Q6. But religions often seem to be the cause of trouble, rather than the cure.

      A6. You may be thinking of religion involved in the Arab-Israeli conflict, or the Irish problem, or of historical antagonisms between faiths, mainly in the West. While war-makers often put their economic and political disputes in religious terms, it is true that trouble sometimes arises from religious views, or from misunderstandings about religious views. And some might argue that certain teachings aggravate world problems; for example, the Roman Catholic prohibition of birth control is often cited as contributing to the world's population explosion.
           We feel that understanding the world's religions will do more than help us cope with values very different than our own. We feel that religious people respectfully meeting one another will become aware of ways in which they can practice their own faiths with greater integrity, with the light of other religions shed on them.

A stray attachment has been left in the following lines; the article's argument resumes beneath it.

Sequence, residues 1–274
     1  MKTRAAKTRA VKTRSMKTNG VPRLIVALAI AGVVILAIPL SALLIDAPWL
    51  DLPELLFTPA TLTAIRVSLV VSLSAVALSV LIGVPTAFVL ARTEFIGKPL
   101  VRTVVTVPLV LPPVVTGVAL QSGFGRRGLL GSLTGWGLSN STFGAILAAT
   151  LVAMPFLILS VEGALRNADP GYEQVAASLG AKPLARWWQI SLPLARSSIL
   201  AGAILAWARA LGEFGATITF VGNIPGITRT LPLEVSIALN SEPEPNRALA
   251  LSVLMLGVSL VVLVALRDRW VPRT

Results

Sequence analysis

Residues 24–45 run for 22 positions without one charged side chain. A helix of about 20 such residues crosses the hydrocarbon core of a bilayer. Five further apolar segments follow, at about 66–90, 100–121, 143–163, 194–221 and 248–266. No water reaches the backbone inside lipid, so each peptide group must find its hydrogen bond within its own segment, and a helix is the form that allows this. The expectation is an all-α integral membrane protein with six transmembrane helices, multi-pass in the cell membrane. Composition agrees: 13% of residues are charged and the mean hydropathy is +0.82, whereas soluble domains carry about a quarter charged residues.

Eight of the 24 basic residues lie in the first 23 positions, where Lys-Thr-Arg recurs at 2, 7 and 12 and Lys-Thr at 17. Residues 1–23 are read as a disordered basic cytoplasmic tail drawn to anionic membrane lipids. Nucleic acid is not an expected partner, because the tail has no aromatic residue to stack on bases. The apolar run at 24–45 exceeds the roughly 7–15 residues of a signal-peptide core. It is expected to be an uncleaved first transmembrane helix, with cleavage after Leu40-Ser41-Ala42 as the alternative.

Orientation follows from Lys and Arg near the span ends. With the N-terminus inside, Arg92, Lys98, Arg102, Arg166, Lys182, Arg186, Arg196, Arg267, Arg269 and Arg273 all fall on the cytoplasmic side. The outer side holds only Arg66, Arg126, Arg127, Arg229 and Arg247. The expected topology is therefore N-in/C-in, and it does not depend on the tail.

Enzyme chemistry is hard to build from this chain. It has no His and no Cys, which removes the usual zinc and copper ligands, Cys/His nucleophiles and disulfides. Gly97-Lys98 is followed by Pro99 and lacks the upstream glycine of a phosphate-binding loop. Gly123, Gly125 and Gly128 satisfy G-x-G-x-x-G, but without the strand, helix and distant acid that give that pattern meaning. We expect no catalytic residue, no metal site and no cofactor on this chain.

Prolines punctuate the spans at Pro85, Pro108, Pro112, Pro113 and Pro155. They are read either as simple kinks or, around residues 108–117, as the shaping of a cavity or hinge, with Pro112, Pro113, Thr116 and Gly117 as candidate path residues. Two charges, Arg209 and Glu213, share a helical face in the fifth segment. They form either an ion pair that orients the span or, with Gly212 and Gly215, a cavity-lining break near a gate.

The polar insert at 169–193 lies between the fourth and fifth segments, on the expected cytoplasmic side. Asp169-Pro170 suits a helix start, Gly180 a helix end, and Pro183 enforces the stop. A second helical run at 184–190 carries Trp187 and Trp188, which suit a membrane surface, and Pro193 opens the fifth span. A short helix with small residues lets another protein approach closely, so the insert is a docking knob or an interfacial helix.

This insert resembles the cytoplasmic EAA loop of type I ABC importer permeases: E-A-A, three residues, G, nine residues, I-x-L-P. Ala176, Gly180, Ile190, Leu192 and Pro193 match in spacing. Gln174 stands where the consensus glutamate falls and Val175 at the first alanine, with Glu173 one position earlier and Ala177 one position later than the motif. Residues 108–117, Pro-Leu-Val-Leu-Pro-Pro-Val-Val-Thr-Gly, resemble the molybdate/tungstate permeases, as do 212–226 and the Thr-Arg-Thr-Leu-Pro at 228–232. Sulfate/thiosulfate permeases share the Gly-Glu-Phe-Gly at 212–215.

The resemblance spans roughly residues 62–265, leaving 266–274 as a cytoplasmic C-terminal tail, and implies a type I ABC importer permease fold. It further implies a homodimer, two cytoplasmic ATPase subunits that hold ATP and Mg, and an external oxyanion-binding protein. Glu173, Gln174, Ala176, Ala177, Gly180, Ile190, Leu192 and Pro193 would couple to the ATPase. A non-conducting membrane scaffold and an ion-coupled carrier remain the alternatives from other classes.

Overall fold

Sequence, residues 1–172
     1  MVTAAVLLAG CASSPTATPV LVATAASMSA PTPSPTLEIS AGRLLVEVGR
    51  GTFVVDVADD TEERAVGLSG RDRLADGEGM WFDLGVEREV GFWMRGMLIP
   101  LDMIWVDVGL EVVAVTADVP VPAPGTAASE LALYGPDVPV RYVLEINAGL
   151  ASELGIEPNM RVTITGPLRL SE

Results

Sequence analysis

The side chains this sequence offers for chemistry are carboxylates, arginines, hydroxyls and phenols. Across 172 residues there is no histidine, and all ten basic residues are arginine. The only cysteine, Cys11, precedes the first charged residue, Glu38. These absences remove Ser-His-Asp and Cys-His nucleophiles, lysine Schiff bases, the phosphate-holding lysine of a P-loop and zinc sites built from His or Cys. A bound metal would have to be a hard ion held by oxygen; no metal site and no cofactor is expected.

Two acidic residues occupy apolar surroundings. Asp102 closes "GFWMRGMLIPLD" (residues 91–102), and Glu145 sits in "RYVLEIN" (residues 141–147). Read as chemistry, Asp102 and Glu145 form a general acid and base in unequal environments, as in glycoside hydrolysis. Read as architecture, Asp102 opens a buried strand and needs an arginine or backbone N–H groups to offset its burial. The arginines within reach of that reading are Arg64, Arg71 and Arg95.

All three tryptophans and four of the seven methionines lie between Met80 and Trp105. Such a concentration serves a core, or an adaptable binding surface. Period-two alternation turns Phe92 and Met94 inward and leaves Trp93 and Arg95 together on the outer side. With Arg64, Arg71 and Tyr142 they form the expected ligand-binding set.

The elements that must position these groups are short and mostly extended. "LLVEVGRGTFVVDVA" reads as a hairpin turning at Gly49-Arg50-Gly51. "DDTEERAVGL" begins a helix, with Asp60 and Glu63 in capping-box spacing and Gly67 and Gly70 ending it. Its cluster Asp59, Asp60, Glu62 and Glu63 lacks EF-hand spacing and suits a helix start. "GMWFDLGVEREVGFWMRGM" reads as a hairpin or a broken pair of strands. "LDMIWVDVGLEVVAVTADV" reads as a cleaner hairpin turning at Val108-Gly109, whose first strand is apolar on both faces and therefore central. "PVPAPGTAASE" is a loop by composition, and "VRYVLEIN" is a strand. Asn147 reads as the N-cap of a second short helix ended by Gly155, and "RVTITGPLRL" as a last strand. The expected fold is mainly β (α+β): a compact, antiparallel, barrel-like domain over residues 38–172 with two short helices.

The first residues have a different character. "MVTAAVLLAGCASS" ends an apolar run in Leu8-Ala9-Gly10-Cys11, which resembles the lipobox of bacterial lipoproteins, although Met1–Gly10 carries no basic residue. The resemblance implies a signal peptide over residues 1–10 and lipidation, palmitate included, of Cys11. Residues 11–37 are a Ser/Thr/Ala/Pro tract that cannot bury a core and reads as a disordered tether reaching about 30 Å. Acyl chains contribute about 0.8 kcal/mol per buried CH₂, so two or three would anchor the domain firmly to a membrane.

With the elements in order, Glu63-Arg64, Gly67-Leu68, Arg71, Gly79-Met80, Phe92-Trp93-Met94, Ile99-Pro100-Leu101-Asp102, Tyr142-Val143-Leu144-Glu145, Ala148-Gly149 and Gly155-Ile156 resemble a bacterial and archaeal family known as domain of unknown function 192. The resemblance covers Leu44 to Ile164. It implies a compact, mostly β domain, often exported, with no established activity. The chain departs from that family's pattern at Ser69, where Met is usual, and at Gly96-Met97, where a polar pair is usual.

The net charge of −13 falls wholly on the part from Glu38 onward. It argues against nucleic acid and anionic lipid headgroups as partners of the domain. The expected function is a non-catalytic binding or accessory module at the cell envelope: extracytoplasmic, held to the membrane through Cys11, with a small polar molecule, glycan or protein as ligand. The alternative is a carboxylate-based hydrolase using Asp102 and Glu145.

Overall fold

For example, it was Gandhi's reading of Christians like Tolstoy and Thoreau that led to a vital life for him as a Hindu. And it was Martin Luther King, Jr's study of Gandhi that deepened King's Christianity.
           And the religious rebirth in Japan of Buddhist and Hindu groups arises from contact with Christianity. Some say Christianity is about to be renewed by encounter with non-Western religions.

Q7. With the importance CRES gives world religions, why be concerned with science, art, sport, and such?

      A7. It is our view that insofar as these activities are not placed in a cosmic context, such as provided by most of the world's religions, we are a fragmented culture, "secular" in the worst sense. We have, for example, movies modeling and thus creating violence because business profits from Hollywood investments are more important than a sense of responsibility to society. The word "religion," from the Latin "re-ligare," means "to bind together," and our society needs educational and religious opportunities to see how we are bound together, and what to do about that. This is why our newsletter gives attention not only to "religious" news but also to the religious dimensions of sports, music, business, and science.